Why Asians Do Everything Fast

When it comes to work, a lot of Asians are fast and efficient. Sometimes scarily fast and efficient (when compared to others). It’s like a super power that some of us have.

I’m a fast worker. Part of my job at work involves processing: I stamp application forms and divide them into batches of 100, which takes me around five minutes per batch. But that’s not as fast as my Asian colleague, and let’s call her Mandy. Watching Mandy grab a stack of papers, flick the papers up by their corners and count each one until the 100th one in a matter of twenty seconds is like watching a magic show – the papers flick up in a blur, actually disappearing for a second.

If we move too fast, we might just miss the finer things in life. Bolte Bridge, Docklands |Weekly Photo Challenge: Minimalist.

If we move too fast, we might just miss the finer things in life. Bolte Bridge, Docklands | Weekly Photo Challenge: Minimalist.

Maybe some of us Asians do things fast because we want to be first, first to cross the finish line. Coming out on top and getting titles and rewards is admired in Asian cultures. When I was younger, my parents nagged at me to finish all my homework as soon as I got home from school so I could start the next set of questions in the maths revision books. I did that, because back then I naively thought keeping ahead of the pack made us truly happy.

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Why Are We Afraid Of Standing Up Against Racism?

I’m no stranger to racism in Melbourne. As an Asian Australian, racist encounters have been a part of my life here for as long as I can remember. But I don’t remember doing much about this.

Over the years, I learned there are different types of racism. I’ve had insults about my non-Aussie accent and yellow skin thrown verbally in my face by non-Asians. There have been times where I met new people who immediately assumed I wasn’t Australian and asked, “Where are you from?” That is, there is direct racism and casual/everyday racism, one of them more subtle than the other.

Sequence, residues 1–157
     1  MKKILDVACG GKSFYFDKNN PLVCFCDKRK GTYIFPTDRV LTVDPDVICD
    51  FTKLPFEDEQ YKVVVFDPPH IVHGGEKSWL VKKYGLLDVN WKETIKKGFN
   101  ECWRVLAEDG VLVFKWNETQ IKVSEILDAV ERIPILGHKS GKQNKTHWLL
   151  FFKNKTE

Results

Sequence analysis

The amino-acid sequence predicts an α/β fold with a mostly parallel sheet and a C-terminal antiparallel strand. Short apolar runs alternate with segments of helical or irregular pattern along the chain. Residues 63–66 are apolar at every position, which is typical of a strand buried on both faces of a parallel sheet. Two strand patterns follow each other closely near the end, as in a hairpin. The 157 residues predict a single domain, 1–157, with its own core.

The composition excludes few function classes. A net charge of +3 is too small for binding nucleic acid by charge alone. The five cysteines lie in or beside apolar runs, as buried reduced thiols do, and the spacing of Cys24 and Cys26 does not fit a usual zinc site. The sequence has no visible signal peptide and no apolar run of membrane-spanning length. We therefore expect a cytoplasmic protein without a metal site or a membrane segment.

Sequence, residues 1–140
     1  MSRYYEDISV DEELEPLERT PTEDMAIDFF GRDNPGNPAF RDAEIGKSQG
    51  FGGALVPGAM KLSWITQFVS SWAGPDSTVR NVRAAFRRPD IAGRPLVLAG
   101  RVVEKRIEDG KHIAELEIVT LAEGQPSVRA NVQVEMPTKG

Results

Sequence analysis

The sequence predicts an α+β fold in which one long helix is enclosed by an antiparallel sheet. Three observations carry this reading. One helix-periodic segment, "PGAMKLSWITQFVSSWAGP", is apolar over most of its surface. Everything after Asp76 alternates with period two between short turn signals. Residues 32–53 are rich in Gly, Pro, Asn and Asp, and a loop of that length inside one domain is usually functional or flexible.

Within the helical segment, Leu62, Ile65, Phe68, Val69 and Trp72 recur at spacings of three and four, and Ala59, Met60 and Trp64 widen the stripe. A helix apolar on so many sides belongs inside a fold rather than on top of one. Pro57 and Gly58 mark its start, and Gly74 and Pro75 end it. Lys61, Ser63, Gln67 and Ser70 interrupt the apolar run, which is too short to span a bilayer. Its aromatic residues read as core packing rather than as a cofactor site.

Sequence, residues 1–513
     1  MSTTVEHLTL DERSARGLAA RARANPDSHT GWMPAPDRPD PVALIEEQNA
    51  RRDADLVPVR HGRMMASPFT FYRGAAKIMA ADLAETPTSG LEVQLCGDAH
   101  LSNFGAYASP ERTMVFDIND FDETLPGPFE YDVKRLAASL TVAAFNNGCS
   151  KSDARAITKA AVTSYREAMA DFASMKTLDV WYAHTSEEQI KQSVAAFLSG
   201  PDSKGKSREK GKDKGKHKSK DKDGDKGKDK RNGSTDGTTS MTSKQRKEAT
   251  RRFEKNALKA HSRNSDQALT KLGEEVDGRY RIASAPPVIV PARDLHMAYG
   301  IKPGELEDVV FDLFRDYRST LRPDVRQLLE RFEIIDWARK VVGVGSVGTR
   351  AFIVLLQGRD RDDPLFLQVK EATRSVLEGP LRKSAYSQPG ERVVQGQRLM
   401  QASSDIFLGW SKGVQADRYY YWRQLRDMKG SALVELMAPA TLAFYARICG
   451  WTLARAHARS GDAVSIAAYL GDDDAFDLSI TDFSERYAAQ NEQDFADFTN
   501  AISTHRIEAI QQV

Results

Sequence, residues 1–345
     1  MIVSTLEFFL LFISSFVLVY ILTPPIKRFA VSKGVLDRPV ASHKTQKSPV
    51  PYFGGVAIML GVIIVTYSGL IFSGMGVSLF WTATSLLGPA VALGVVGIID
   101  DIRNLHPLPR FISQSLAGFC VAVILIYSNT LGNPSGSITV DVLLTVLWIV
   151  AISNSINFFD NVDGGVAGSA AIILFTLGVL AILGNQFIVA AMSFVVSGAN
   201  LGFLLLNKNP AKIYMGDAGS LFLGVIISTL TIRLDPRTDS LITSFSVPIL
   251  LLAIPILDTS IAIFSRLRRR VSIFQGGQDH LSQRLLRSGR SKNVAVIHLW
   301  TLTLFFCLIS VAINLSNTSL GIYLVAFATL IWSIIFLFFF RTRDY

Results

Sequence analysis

Light zig-zagging over chess pieces. No matter our culture, we're all in this world together | Weekly Photo Challenge: Refraction.

Light zig-zagging over chess pieces. No matter our culture, we’re all in this world together | Weekly Photo Challenge: Refraction.

It’s not hard to spot either kind of racism. But it’s not always easy speaking up about either one, at least in Australia.

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Why We Love Living In Cities. Especially Asians

City life. Some of us love a lot of the things that come along with being in the city.

I’m one of those city-loving folk in Melbourne. Whenever I have a free day, I usually head down to the city and see what’s going on there.

Silhouettes of Melbourne as the sun goes down. Princes Bridge | Weekly Photo Challenge: Silhouette.

Silhouettes of Melbourne as the sun goes down. Princes Bridge | Weekly Photo Challenge: Silhouette.

We love living in cities because everything is literally at the tip of our fingers here. Shops and restaurants are just around the corner in Melbourne: Nike shoes to Nintendo games, Hong Kong yum cha to Spanish paella. Convenient, and variety is never dull.

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Why We Get Names Wrong

When I was born, my Malaysian parents named me Mabel (may-berl). They also gave me a Chinese name, Li Teng (lee ting, 丽 婷), which is my middle name on my Australian passport.

I’ve always went by my English name. Growing up, my parents called me Mabel at home. I introduced myself as Mabel when I went to school and still do today.

When we look in the mirror or reflect on who we are, we see imperfections in ourselves. Our name is a big part of who we are | Weekly Photo Challenge: Reflections.

When we look in the mirror or reflect on who we are, we see imperfections in ourselves. Our name is a big part of who we are | Weekly Photo Challenge: Reflections.

In this world made up of so many cultures, there are countless of us non-Caucasians who have Western first and last names. But there are times when some assume we go by “exotic” names if we aren’t Caucasian. If we’re dark-skinned, some might think we’re a Muhammad or Suresh. If we’re Asian, our first and last names might be Lee or Nguyen.

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The Lunar “Chinese” New Year: A New Beginning

When I was a kid, I celebrated the “Chinese New Year” in Malaysia with my family.

When we moved back to Australia seven years after living in Asia, to my confusion I learnt that the “Lunar New Year” is often used to refer to the “Chinese New Year” in Melbourne. Both phrases are used interchangeably literally everywhere here – on posters, flyers and billboards to name a few – time and time again.

Call it the Lunar or Chinese New Year, the start of the lunar calendar is a new beginning | Weekly Photo Challenge: Beginning. Photo: Mabel Kwong

Call it the Lunar or Chinese New Year, the start of the lunar calendar is a new beginning | Weekly Photo Challenge: Beginning. Photo: Mabel Kwong

Do the two phrases mean the same thing? Do people confuse the two terms?

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